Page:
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Review: Fantastic Beasts: The Crimes of Grindelwald

Disclaimer: I’m a Harry Potter fan. I wore my Gryffindor scarf to the screening. I own well-used copies of everything by JK Rowling, and I’ve seen the play twice (go, it’s great). So, for Fantastic Beasts: The Crimes of Grindelwald, I had to choose: watch as a fan (surely most people have seen/read something Harry Potter?), or as a critic of a stand-alone film, as though the seven books, nine films, website, stage-play, tie-ins, and theme-parks don’t exist?

In 1927, Gellert Grindelwald (magical Hitler, with the acting stylings of Johnny Depp) escapes the Magical Congress of the United States of America. We follow lovably eccentric magizoologist, Newt Scamander (Eddie Redmayne), whose primary objective is to search for and protect vulnerable magical orphan Credence Barebone (Ezra Miller) from Grindelwald’s indoctrination. Acting on the instruction of an unexpectedly suave forty-five years old Albus Dumbledore (Jude Law), Newt navigates Paris and the dangerous rise of wizard-supremacy with his pals from the first film: muggle/No-Maj Jacob Kowalski (Dan Fogler), witch sisters Queenie (Alison Sudol) and Tina Goldstein (Katharine Waterston), as well as school sweetheart, Leta Lestrange (Zoë Kravitz) and her fiancé/Newt’s brother Theseus Scamander (Callum Turner).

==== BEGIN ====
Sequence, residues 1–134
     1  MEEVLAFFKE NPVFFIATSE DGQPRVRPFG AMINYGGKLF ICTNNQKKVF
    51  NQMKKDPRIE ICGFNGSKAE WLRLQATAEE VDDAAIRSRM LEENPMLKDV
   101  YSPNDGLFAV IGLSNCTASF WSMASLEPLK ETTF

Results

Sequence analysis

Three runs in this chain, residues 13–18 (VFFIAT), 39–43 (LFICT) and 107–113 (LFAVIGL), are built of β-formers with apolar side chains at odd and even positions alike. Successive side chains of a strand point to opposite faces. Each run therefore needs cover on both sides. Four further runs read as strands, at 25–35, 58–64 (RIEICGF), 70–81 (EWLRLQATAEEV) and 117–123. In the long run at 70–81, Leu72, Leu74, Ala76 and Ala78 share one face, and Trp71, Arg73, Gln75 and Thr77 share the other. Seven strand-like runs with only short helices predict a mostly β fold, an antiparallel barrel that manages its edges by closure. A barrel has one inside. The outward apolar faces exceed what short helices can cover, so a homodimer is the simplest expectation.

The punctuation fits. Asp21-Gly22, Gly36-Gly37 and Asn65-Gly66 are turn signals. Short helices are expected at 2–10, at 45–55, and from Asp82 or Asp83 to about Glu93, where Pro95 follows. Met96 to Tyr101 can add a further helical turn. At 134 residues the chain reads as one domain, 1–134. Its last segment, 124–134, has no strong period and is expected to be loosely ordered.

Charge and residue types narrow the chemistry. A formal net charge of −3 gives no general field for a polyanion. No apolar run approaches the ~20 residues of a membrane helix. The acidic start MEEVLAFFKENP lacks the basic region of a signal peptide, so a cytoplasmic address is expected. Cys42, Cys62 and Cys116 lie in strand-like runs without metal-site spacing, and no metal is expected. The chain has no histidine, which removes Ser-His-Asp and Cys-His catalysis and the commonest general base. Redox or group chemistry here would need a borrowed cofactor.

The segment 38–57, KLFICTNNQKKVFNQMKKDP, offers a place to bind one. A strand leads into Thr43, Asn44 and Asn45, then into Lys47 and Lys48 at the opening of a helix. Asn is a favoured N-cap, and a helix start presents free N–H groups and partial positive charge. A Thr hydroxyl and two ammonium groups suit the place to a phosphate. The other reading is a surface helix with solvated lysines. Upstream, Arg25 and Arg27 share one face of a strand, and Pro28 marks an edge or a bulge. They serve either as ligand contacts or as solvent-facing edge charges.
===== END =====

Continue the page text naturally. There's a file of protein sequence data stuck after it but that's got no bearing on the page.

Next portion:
With me so far? Just about? Not really? Exactly.

The screenplay was written by novelist J.K. Rowling, and it shows. Rowling is a master of the intricately plotted novel. The Crimes of Grindelwald is an audio-visual novel – an anthology of the wider world beyond Hogwarts. Devoted fans will joyfully marvel at familiar cameos, the inner workings of the French Ministry of Magic, and all the squeal-worthy nuggets of nostalgia (I admit to getting swept up in these moments). For the fans, you cannot fault the film’s entertainment value.

Trouble is, Rowling leans too far into this and the film itself gets lost. There are at least six plots: will Grindelwald get his hands on Credence? What is Grindelwald’s ambition? Who is Credence? Who else is after Credence? Will Newt and Tina get together? What’s happening with Jacob and Queenie? Ad finitum.

Most tension comes from a worry of losing track of what on earth is going on; the objective gets lost in this beast (sorry) of a narrative. Seemingly every character (and there are a LOT of them) receives exponential development despite the three films left in the franchise. I felt for the parents staring blankly at the screen with no way to hook into the plot.

I cannot fault the visual effects, performances, or dialogue (“salamander eyes”? Charming as heck). Depp’s Grindelwald is a horrifyingly charismatic villain. Law sells the wisdom yet youthfulness of a still-developing Dumbledore. Redmayne is delightful, and Young Newt is a masterful imitator, but a stand-out is Kravitz as the intelligent but troubled Leta Lestrange as her turmoil oscillates between suppressed and overwhelming within a single close-up.

Potter fans have often wished for a Game of Thrones style in-depth exploration of the Wizarding World and unfortunately, they got their wish – just in one 135-minute, overwhelming eruption.

Rating: 3/5

Tags: crimes of grindelwald, Eddie Redmayne, fantastic beasts, Film, Harry Potter, jk rowling, Jude Law, review

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